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Found 4 results

  1. The Effect of Tropospheric Jet Latitude on Coupling between the Stratospheric Polar Vortex and the Troposphere Authors: Chaim I. Garfinkel, Darryn W. Waugh and Edwin P. Gerber Published online: 22nd March, 2013 Abstract: A dry general circulation model is used to investigate how coupling between the stratospheric polar vortex and the extratropical tropospheric circulation depends on the latitude of the tropospheric jet. The tropospheric response to an identical stratospheric vortex configuration is shown to be strongest for a jet centered near 40° an
  2. Sensitivity of simulated convection‐driven stratosphere‐troposphere exchange in WRF‐Chem to the choice of physical and chemical parameterization Authors: Daniel B. Phoenix, Cameron R. Homeyer and Mary C. Barth Published By: "Earth and Space Science" Published online: 20th July, 2017 Abstract: Tropopause‐penetrating convection is capable of rapidly transporting air from the lower troposphere to the upper troposphere and lower stratosphere (UTLS), where it can have important impacts on chemistry, the radiative budget, and climate. Howev
  3. Stratospheric Ozone: An Electronic Textbook Abstract: As discussed in Chapter 5, most ozone production occurs in the tropical stratosphere as the overhead sun breaks apart oxygen molecules (O2) into oxygen atoms (O), which quickly react with other O2 molecules to form ozone (O3). The problem with this simplified picture is that most ozone is found outside the tropics in the higher latitudes rather than in the tropics. That is, most of the ozone is found outside of its natural tropical stratospheric source region. This higher latitude ozone results from the slow atmospheric circul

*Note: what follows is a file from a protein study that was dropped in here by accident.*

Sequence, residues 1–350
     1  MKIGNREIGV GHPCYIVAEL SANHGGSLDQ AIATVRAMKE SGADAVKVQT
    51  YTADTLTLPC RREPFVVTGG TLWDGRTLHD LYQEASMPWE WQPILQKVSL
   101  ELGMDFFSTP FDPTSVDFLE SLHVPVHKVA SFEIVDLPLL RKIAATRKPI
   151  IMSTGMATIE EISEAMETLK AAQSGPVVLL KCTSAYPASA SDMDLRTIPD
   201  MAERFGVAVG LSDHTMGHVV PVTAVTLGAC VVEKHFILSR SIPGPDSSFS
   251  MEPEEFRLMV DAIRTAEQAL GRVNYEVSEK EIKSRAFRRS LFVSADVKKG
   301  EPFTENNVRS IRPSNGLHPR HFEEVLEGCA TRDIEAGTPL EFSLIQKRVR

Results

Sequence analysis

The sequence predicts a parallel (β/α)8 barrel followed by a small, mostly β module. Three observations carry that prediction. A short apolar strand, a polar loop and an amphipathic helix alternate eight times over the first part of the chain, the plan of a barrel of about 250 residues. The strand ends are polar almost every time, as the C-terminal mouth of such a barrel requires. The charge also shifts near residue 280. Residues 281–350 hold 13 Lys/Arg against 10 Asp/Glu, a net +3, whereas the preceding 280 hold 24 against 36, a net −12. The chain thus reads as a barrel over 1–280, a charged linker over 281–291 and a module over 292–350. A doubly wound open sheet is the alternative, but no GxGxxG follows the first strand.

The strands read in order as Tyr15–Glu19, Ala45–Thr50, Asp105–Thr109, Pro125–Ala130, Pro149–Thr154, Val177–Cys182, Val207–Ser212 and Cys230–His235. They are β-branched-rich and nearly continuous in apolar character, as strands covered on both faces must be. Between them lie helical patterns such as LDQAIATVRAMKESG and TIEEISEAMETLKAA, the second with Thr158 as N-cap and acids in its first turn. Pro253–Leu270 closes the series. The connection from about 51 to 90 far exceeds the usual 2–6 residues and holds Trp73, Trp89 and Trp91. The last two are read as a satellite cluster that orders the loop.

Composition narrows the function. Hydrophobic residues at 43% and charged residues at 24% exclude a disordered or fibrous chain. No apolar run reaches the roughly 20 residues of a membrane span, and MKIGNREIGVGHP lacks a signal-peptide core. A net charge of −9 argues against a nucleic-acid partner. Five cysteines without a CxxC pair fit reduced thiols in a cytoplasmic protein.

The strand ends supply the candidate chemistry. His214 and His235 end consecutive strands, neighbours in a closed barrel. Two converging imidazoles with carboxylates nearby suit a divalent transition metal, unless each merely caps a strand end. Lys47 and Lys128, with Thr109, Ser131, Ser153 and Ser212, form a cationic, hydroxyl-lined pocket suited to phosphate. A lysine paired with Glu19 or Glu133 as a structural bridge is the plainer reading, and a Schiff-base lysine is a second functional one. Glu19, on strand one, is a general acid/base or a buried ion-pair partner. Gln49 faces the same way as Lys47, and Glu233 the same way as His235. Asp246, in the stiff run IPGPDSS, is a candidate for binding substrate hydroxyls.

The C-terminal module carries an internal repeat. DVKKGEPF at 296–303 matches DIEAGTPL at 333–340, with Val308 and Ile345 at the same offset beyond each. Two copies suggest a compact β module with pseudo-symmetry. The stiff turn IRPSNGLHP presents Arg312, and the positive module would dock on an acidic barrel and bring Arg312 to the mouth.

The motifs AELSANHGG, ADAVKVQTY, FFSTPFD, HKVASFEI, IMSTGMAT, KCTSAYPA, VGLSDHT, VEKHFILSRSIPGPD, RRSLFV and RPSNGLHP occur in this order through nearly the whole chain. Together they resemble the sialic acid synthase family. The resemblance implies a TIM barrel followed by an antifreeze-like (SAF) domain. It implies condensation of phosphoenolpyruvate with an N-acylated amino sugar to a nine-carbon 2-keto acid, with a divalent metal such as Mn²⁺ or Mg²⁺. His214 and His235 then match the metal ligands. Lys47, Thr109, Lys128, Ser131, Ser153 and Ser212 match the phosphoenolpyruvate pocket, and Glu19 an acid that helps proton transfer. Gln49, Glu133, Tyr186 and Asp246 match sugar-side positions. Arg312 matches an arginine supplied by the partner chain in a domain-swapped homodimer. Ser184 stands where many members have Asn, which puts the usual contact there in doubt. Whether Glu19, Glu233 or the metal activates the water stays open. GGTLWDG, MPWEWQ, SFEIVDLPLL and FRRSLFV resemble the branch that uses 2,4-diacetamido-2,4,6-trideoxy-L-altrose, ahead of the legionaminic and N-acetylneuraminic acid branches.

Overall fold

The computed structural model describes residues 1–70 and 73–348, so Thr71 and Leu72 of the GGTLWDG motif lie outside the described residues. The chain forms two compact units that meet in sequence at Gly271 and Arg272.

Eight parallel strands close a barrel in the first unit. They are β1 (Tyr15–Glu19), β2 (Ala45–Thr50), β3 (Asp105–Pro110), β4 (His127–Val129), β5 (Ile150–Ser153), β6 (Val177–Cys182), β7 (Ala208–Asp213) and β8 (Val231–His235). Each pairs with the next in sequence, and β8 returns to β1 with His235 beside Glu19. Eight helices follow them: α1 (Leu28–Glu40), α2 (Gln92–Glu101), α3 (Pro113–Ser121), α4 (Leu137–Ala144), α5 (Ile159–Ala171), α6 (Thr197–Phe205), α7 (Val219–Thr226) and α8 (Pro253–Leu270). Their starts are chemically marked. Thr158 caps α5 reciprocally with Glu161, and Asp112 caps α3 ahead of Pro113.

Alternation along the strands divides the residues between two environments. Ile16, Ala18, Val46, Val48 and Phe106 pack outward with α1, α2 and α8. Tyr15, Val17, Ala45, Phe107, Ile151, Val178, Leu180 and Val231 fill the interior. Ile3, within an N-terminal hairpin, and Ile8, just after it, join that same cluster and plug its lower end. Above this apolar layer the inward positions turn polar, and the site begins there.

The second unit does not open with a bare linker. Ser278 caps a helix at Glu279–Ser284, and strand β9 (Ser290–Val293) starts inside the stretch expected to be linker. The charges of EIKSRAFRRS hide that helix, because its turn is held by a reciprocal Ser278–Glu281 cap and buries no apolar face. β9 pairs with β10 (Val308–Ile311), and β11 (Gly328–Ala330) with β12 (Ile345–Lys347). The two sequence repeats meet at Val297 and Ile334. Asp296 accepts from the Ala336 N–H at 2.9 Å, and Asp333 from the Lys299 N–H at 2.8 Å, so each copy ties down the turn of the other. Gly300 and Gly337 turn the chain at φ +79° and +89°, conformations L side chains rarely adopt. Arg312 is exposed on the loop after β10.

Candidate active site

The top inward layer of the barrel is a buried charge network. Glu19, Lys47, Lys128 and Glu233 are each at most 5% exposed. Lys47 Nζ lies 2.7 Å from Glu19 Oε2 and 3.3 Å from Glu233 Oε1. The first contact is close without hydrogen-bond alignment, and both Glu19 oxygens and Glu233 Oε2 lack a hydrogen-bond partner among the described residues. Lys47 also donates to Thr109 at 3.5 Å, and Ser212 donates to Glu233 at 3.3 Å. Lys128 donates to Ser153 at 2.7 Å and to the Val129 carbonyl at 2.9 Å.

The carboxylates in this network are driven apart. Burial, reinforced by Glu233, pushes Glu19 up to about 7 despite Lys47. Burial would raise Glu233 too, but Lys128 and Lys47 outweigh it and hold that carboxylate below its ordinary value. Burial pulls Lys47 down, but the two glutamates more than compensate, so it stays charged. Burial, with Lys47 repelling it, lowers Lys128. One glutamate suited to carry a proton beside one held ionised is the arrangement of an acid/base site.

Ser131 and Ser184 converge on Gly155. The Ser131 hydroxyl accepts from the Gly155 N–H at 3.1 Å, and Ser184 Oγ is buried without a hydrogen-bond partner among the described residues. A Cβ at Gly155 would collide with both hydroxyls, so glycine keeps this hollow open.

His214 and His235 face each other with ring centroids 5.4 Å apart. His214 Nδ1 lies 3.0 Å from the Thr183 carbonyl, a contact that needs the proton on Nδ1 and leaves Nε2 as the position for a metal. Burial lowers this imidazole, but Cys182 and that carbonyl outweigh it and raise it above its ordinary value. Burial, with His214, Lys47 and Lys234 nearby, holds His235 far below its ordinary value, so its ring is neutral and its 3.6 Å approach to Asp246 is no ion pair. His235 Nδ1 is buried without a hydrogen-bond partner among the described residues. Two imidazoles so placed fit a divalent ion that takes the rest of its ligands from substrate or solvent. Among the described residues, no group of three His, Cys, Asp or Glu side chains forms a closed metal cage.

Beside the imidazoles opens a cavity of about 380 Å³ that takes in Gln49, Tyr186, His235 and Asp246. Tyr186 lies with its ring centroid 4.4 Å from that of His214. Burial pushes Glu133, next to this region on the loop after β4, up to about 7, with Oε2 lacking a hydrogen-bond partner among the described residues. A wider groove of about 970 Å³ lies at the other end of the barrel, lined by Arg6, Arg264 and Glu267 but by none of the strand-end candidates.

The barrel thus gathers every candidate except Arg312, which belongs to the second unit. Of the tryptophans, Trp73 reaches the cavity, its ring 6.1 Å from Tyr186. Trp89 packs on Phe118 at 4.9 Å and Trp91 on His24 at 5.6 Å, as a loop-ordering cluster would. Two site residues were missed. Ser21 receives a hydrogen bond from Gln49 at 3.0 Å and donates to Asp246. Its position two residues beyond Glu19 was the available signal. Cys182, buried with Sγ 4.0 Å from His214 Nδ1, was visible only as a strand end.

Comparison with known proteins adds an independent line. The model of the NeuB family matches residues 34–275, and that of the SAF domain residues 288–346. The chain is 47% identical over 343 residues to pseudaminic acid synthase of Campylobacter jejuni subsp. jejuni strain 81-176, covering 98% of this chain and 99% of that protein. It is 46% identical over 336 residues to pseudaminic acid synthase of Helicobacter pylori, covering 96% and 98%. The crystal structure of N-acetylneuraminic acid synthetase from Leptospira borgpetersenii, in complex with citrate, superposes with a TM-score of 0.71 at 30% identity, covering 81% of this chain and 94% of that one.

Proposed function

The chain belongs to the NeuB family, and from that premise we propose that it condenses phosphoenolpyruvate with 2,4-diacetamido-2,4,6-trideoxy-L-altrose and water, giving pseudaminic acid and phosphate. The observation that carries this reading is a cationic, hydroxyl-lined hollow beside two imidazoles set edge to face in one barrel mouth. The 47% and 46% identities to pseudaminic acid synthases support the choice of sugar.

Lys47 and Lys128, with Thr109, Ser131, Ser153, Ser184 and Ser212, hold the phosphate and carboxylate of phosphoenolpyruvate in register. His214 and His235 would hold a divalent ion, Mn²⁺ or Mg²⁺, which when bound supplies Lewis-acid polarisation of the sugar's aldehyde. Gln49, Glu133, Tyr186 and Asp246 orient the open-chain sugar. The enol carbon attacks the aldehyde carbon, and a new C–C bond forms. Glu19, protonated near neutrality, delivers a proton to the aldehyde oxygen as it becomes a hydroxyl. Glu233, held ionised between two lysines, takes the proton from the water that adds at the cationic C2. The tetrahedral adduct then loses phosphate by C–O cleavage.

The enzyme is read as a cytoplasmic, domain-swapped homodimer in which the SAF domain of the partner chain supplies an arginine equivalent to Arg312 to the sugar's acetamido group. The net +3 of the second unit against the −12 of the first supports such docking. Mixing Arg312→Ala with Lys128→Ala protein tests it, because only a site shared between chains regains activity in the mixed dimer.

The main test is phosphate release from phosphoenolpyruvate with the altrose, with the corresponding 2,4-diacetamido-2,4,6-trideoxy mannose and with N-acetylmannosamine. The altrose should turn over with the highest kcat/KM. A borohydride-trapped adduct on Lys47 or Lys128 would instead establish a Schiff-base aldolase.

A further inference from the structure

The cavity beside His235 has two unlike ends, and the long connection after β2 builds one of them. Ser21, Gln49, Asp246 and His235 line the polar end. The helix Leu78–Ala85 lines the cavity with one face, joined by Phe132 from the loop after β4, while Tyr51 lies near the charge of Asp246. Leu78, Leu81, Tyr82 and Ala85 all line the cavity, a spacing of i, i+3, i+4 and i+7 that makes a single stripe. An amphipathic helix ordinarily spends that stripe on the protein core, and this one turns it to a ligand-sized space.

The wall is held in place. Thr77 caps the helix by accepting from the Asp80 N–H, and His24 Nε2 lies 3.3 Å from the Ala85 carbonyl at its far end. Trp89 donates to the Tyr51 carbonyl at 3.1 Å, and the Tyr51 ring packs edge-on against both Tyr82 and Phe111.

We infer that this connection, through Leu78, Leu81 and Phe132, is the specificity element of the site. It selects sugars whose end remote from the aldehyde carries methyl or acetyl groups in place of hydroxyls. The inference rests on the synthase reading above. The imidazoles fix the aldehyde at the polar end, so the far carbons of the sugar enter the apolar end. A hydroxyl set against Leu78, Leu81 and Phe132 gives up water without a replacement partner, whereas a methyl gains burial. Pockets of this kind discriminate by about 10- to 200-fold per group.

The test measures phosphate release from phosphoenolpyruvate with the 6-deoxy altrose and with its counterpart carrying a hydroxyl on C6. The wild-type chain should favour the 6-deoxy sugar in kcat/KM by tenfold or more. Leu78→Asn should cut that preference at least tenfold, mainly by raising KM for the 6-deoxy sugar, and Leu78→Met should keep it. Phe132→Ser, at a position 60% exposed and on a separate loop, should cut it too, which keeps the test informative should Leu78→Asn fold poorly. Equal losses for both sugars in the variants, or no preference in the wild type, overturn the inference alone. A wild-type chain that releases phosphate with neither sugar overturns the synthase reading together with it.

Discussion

4. Mechanisms Governing Interannual Variability of Stratosphere‐to‐Troposphere Ozone Transport Authors: John R. Albers, Judith Perlwitz, Amy H. Butler et al Published: 16th January, 2018 Abstract: Factors governing the strength and frequency of stratospheric ozone intrusions over the Pacific‐North American region are considered for their role in modulating tropospheric ozone on interannual timescales. The strength of the association between two major modes of climate variability—the El Niño–Southern Oscillation (ENSO) and the Northern Annular Mode
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